Flavored e-cigarette company challenges FDA marketing denial

3 minute read

A customer vapes at a vape shop in Jakarta, Indonesia, October 23, 2020. REUTERS/Ajeng Dinar Ulfiana

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(Reuters) - A federal appeals court on Monday weighed whether the U.S. Food and Drug Administration wrongly barred a flavored e-cigarette manufacturer from marketing its products, in a case that could curtail the regulator's efforts to combat youth vaping.

A lawyer for Triton Distribution urged a three-judge panel of the 5th U.S. Circuit Court of Appeals in Houston to conclude the FDA could not force manufacturers to prove flavored vaping products could help adults quit smoking combustible cigarettes in order to gain the agency's approval to market them.

The FDA had viewed e-cigarettes as having some promise to help adult smokers transition from conventional cigarettes, but faced pressure to restrict the sale of flavored e-cigarettes, which anti-smoking groups said targeted children.

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In August, the FDA rejected applications to market 55,000 flavored e-cigarettes, including Triton's, and said applicants would likely need to conduct long-term studies establishing their products' benefits to win approval.

The requirement for long-term studies differed from earlier FDA guidance and was a "surprise switcheroo," a 5th Circuit panel concluded in October when it allowed Triton to keep selling e-cigarettes until another panel could hear its appeal.

At Monday's oral arguments, Eric Heyer, Triton's lawyer at Thompson Hine, said the FDA's requirement was "arbitrary and capricious, a position conservative U.S. Circuit Judge Edith Jones appeared to agree with.

"It seems to me that's the height of arbitrariness and capriciousness, to say we are the FDA, trust us, which I might say some of us are becoming skeptical about in light of recent vaccine experiences," she said, alluding to COVID-19 vaccines.

The other two judges questioned Triton's case.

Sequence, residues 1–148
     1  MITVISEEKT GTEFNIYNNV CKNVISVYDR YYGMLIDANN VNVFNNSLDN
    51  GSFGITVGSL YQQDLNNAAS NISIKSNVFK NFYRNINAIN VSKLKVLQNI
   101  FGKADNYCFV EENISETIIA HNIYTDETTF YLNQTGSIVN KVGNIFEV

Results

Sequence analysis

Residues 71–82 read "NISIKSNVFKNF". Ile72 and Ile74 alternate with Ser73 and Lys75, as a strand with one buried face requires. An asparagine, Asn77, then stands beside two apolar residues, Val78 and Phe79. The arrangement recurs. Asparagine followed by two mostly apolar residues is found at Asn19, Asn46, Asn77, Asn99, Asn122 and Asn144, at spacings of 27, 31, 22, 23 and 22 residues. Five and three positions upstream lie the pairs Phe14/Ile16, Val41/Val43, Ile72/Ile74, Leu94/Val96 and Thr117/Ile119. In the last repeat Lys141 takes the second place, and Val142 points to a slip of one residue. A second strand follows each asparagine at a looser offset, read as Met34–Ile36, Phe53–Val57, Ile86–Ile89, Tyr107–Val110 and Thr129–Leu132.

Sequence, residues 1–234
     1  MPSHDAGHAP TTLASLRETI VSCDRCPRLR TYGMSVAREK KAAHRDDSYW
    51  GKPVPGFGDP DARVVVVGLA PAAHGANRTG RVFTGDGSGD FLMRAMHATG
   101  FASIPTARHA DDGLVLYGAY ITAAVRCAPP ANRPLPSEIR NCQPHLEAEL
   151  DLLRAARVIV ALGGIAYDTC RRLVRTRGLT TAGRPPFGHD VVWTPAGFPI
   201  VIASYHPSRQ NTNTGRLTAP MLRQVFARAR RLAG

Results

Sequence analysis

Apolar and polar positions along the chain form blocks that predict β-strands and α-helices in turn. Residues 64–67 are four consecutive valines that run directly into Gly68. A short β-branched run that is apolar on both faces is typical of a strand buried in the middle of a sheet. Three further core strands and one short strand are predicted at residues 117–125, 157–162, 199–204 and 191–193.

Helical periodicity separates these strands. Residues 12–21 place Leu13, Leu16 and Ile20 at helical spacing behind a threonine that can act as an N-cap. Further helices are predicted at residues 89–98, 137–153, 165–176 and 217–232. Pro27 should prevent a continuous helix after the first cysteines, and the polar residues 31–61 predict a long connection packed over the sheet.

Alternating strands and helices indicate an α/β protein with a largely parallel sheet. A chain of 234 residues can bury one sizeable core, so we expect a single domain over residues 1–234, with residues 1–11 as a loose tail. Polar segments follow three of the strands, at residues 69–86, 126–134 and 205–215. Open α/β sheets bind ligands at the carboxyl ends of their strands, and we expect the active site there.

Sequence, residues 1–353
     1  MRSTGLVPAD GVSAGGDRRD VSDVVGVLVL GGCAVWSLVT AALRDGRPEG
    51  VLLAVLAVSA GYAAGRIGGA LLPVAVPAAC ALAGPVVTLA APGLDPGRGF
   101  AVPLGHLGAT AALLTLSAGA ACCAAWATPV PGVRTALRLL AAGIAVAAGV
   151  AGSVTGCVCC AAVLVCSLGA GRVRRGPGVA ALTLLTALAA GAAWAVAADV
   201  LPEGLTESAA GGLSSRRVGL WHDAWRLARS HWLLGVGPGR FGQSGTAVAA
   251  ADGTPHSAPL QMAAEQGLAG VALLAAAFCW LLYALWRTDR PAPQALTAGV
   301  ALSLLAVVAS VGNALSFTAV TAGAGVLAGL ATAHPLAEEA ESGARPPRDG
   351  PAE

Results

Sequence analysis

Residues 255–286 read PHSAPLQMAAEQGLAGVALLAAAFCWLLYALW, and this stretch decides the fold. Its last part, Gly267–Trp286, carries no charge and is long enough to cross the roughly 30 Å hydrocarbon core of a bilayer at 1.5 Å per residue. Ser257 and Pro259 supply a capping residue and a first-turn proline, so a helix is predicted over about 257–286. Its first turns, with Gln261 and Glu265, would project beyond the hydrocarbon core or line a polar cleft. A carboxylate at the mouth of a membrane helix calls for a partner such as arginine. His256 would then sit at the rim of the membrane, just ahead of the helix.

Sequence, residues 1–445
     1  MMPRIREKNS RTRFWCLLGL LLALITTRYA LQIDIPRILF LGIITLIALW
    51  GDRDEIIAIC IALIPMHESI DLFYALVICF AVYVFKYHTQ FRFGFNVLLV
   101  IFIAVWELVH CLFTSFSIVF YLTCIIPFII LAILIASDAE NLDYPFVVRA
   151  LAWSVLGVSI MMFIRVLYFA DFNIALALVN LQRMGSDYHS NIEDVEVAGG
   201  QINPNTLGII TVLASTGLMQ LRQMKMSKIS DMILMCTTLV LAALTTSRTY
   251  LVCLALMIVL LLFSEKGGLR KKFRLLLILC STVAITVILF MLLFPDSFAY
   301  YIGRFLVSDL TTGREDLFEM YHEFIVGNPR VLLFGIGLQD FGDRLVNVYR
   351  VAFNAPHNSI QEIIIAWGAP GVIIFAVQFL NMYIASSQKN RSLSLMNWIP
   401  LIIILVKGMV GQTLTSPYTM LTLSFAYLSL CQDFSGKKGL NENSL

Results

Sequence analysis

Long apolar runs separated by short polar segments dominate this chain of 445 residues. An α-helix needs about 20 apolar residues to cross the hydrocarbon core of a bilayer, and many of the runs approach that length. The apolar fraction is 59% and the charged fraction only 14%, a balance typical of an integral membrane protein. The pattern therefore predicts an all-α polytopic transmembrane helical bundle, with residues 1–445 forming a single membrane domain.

U.S. Circuit Judge Gregg Costa asked whether Triton's products, such as one called Jimmy the Juiceman Strawberry Astronaut, were really targeted to adults.

"That's supposed to be appealing to a 40-year-old?" he asked.

And U.S. Circuit Judge Catharina Haynes questioned why companies like Triton did not have enough time to develop such support for their products' health benefits for adults given the years they have had to prepare for FDA regulation.

The FDA in 2016 deemed e-cigarettes to be tobacco products like traditional cigarettes subject to agency review under the Tobacco Control Act. Manufacturers were ultimately given until 2020 to seek approval to market them.

"All of these years have passed with little in the way of detailed studies," Haynes said.

Noah Katzen, a lawyer for the FDA at the U.S. Justice Department, said it had seen no evidence showing the benefits of flavored e-cigarettes outweigh their risks.

The case is Wages and White Lion Investments LLC dba Triton Distribution v. FDA, 5th U.S. Circuit Court of Appeals, No. 21-60766.

For Triton: Eric Heyer of Thompson Hine

For FDA: Noah Katzen of the U.S. Department of Justice Civil Division

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Nate Raymond reports on the federal judiciary and litigation. He can be reached at nate.raymond@thomsonreuters.com.